Arthritis in Horses

Arthritis is one of the most common ailments for horses, especially older horses and ponies. The condition; where the cartilage of a joint wears down, results in pain (sometimes leading to lameness) and difficulty moving about. This can most often be recognized with stiffness and swelling around a joint and a horses reluctance to work. Although arthritis cannot be cured, it can often be managed, especially if recognised early. So just what can you do to manage a horse with arthritis? We meet Puzzle to find out how his owner keep his arthritis in check.

Protechmasta for Equine Arthritis

This is Puzzle, a 19-year-old cheeky 14.1hh pony who acts neither his age nor his size. Having enjoyed jumping, hunting, low-level dressage and general hacking out for many years, he has recently begun to feel a bit stiff. The cause, diagnosed by an equine vet; the beginning of arthritis in his hip and hock.

Managing Arthritis in Horses

When arthritis is recognized, the main goal is to reduce further inflammation around the affected joint, preventing further damage and easing any pain. Luckily, there are a number of ways to do this which can be easily worked into an everyday routine.

To manage his early arthritis, Puzzle’s routine has a few key elements:

  • Exercise. To ease stiffness and help strengthen muscles that stabilize joints, light to moderate riding is encouraged, as long as your horse is comfortable. Puzzle still enjoys regular hacking, schooling and pole work. 
  • Warm-up thoroughly. Puzzle needs a little longer to loosen up now; riding at a walk for 10-15 minutes at the beginning of the session (much to his dismay!)
  • Lots of turnout. Being turned out during the day means your horse is constantly moving around, again helping to reduce stiffness which can occur from being stationary.
  • Stretches, Puzzle’s favourite trick. Carrot stretches are great for helping with mobility and keeping the muscles flexible. Puzzle does this by reaching for a carrot on either side of his belly, then between his legs, where he has to bow down to reach it. 
  • Supplements. We have started giving puzzle Natural Bute Substitute as well as Glucosamine 5000 with added Vitamin C and both seem to be making a difference to him. He is moving around more freely and seems happier in his general demeanour since we have started using these supplements.

How Protechmasta helps manage arthritis in Horses

Woven with special ceramic fibres, the Protechmasta rug emits and reflects Far Infrared Radiation (FIR). Having been used as an aid to healing for centuries, FIR helps to enhance the body’s natural functions.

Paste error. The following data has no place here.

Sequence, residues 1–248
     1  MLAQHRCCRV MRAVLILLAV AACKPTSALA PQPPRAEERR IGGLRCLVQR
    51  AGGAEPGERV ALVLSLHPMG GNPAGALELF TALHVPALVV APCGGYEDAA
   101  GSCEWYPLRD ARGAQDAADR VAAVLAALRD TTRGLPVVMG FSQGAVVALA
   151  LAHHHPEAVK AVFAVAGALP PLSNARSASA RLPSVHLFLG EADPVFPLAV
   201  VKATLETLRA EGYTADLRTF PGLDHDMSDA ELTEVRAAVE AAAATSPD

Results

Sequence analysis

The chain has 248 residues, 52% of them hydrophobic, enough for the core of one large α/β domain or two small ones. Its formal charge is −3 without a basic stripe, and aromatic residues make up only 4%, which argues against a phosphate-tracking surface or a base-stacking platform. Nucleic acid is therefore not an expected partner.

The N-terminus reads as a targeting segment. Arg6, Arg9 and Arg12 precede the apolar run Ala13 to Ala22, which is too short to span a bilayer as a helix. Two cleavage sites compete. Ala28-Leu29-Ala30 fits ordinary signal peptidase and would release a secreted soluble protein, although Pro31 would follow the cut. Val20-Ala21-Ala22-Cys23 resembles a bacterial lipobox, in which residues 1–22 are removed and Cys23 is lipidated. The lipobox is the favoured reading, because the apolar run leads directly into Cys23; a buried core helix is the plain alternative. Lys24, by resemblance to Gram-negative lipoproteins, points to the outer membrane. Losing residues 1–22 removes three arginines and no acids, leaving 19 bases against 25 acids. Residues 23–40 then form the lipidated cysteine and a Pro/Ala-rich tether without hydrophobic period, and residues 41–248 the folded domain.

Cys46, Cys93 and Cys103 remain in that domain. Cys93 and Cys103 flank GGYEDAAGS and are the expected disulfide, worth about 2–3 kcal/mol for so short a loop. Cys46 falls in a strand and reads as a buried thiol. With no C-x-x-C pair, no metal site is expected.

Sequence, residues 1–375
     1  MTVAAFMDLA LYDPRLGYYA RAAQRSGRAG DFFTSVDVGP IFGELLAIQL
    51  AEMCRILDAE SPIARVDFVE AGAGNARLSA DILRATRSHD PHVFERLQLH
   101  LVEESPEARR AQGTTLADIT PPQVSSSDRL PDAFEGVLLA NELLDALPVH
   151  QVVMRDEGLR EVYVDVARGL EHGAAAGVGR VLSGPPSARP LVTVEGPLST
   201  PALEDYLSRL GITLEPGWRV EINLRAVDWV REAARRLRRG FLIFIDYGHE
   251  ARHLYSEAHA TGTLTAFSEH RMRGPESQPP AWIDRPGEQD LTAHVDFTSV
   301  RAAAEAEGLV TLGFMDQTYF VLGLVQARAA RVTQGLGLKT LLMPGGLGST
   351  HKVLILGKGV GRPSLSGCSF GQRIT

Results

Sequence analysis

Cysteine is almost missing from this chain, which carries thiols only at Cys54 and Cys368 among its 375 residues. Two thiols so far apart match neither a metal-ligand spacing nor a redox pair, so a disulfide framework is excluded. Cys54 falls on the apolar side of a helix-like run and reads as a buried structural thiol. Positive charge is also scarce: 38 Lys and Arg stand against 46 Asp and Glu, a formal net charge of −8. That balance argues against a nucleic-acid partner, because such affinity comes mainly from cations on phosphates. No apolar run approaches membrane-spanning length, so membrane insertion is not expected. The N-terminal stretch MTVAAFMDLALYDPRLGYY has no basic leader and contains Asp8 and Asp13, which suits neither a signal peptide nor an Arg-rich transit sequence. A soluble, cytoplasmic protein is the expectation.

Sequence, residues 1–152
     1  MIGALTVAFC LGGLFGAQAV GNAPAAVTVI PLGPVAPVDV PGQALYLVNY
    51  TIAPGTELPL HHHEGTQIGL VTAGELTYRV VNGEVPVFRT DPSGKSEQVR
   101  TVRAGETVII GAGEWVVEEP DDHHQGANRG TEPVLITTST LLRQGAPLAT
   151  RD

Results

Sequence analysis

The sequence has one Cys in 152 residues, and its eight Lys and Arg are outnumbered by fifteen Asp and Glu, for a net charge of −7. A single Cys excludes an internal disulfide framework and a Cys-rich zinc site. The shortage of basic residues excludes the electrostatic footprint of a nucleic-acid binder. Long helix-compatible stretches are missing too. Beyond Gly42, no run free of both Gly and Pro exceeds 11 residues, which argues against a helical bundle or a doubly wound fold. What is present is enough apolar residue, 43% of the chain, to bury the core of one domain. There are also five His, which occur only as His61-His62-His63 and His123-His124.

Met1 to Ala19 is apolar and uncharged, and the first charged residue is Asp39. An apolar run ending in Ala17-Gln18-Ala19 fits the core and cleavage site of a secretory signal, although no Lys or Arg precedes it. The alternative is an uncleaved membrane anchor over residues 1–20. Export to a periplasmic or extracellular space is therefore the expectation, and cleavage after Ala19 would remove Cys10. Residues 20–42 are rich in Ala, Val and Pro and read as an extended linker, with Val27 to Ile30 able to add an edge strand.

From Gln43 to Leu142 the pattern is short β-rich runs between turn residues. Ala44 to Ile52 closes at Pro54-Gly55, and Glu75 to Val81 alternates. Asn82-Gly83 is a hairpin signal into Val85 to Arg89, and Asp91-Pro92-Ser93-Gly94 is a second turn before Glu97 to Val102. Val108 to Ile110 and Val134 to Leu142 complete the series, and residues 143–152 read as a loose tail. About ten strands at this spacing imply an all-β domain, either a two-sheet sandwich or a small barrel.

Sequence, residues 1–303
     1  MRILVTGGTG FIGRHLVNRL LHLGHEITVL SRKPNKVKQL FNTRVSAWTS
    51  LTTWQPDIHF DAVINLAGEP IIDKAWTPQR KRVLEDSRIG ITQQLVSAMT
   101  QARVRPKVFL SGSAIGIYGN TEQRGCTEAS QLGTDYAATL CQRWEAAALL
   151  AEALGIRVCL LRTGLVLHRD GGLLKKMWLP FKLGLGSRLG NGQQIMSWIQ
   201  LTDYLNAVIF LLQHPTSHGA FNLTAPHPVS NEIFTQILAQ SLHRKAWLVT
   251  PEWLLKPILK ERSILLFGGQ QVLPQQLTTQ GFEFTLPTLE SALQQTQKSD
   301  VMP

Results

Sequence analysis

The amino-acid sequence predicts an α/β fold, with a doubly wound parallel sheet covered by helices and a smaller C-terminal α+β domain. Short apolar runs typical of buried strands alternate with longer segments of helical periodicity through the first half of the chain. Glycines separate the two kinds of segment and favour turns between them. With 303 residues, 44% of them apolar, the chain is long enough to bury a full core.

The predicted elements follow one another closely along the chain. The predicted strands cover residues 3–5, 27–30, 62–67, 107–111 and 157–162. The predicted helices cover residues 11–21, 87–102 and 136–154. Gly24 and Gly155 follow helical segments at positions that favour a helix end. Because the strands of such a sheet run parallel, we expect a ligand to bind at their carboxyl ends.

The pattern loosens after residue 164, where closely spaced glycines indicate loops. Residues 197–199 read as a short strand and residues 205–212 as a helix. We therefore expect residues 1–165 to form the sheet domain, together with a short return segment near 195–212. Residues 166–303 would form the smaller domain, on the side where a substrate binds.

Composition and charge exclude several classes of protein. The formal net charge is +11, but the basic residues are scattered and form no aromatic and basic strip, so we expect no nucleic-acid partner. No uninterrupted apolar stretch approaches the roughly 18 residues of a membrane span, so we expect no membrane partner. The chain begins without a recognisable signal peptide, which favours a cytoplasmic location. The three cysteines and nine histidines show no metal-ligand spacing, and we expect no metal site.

Protechmasta works by gently regulating the horse’s temperature and increasing circulation. For arthritic horses, this is especially important, as not only does it reduce joint pain, but it allows the muscle to warm up before exercise, and similarly cool down safely afterwards.

In addition to this, Protechmasta also helps to reduce inflammation through expanding the blood vessels and allowing removal of toxins and build-up of fluid, a key concern for horses with arthritis. Puzzle wears his Protechmasta rug as part of his prevention and management routine and our vet agrees it is making a difference to his mobility. He wears his rug before and after exercise to aid warming up, and overnight to prevent the onset of stiffness. He leaves the stable with a spring in his step every morning and we're looking forward to trying more of the Protechmasta products in the future. 

More information about the benefits of Protechmasta, including a clinical trial, can be found here.

How the Mastacare Natural Bute Substitute could help:

Product tester Sonya Anne Perry has been testing the Mastacare Natural Bute Substitute for just over three weeks now, and her verdict?

"We tested the Mastacare Natural Bute Substitute on our 22-year-old semi-retired polo pony ‘Pancake’. She is an Argentinian pony who has had to deal with the difficulties posed by living in the West of Scotland. Which generally means cold, windy, wet and murky weather. She is quite thin-skinned and has rear end arthritis, as well as aches and pains caused by a relatively hard life playing polo.

We normally support her aches and pains (and she normally tells us as she can be a crabby ginger mare) by using either bute or Danilon. However, for the last month, she has been on the Mastacare Natural Bute.
The first picture is day one showcasing that the bute is palatable and she has no issues eating her dinner! She has continued to eat well and despite getting a little hairier in preparation for the Scottish winter, she is looking happy and healthy, and less inclined to chew your face off